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  #1  
Old 10-20-2010, 01:14 AM
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Pics '03 CR125 Rebuild - NewAtThis

     

Hey all,
I've got a 03 Cr125 that I've had for about 5 years, but never done any real maintenance besides keeping it running. It's in a pretty neglected state, I've barely ridden it in years, and I want to get it back to better than ever. I'm a complete newbie, never done anything mechanical like this, but I'm fairly handy and up for the experience.

Plan : I'm going to rebuild the top end, reseal the forks, replace the reed valve, exhaust system, brake lines/pads, sprockets/chain, figure out jetting. There's many rusty bolts I'd like to replace. Already dealing with 1 helplessly stripped bolt holding the exhaust port to the cylinder.

I just got the service manual in the mail and took the bike half apart to see what I'm getting myself into. I'm going to do a large Parts Order from MotoSport.com any day now.

Looking forward to building a fast bike, and my ears are open to any input. I'm sure I'll have some questions, and I appreciate your time.


Starting Line:








Here we go,
Dillon
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Old 10-20-2010, 10:43 AM
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Doesn't look like the bike is in too bad shape, should be a challenging
but doable rebuild.

Soak all those rusty bolts with penetrating lube for a few days before
putting a wrench on them. For that exhaust flange bolt, try one of those
grip-tote sockets, they are made for situations like that.

You will probably find more parts you will need to add to your order as you
disassemble the bike. Also, please remove the chain and CS sprocket before
you take anymore pictures, it hurts to look at that kind of neglect.

Good luck with it.

dogger
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Old 10-20-2010, 11:16 AM
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Quote:
Originally Posted by dogger315 View Post
Also, please remove the chain and CS sprocket before you take anymore pictures, it hurts to look at that kind of neglect.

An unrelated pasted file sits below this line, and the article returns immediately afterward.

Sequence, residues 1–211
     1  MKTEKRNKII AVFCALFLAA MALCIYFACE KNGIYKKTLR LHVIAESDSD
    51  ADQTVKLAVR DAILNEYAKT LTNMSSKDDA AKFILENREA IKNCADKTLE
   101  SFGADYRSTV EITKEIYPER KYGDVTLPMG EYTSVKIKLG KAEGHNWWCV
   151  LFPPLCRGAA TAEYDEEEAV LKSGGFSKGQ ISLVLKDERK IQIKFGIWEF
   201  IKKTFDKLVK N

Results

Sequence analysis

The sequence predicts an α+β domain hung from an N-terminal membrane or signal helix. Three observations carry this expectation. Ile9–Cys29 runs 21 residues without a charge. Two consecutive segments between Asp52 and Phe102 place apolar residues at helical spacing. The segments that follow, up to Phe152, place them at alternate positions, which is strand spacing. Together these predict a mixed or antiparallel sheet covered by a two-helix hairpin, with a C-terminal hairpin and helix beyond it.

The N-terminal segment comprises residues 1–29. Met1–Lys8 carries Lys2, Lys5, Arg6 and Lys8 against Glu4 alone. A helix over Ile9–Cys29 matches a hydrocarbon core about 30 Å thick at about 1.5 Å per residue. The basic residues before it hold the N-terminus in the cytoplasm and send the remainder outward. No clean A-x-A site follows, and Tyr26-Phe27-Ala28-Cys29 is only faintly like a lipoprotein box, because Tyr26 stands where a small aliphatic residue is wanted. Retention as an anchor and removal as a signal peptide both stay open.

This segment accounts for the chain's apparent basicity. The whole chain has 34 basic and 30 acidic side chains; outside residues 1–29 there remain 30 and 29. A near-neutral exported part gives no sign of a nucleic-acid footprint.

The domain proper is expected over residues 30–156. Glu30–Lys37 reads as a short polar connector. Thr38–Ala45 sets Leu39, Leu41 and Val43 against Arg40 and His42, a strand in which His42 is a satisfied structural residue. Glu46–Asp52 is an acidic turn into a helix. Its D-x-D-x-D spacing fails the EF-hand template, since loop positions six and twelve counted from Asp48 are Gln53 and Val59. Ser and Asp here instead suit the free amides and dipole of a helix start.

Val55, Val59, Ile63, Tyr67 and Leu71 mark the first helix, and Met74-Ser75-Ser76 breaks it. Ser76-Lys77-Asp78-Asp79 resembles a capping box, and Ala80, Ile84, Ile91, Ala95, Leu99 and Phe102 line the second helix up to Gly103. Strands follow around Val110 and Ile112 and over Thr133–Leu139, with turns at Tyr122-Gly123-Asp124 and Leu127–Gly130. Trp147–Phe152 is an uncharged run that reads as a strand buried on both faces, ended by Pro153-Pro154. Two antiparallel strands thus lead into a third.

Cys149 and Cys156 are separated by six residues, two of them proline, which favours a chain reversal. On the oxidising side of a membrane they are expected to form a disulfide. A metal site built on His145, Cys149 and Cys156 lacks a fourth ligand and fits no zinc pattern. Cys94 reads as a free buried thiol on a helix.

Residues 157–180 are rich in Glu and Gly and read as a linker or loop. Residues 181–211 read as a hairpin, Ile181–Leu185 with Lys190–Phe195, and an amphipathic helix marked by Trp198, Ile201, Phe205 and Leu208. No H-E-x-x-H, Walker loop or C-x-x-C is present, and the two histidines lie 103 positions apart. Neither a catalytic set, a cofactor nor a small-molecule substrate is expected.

I was wondering why my eyes keep tearing up looking at the post.
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Old 10-20-2010, 03:58 PM
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Okay the chain and sprockets are gone Looks like grip-tite sockets aren't made in less than 10mm, I need an 8mm. I'm not sure how I'm going to get the bolt out, it's not pretty. I'd prefer to avoid taking it to a shop, but I will if I have to.

I don't want to really want to disassemble the rear shock, but I want to service it and change the fluid. The service manual isn't very clear here, but should I take the shock off the bike, replace fluid and nitrogen?
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Old 10-21-2010, 05:30 PM
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Another method I've used for stuck bolts is after you have soaked the joint
with penetrating oil for 24 hrs., is to heat the area with a torch or oven to
250-300 degrees. Then use a vice grip to clamp onto the bolt head and
break it loose. The last resort would be to grind or cut the bolt head off,
remove the flange, then slot the bolt and remove it with a screwdriver or
use the vice grips again on the exposed portion of the bolt.

I'm sure the shock can benefit from a rebuild, but be aware, you will need
special tools and Nitrogen. I recommend you send that job out.

dogger
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Old 10-21-2010, 06:58 PM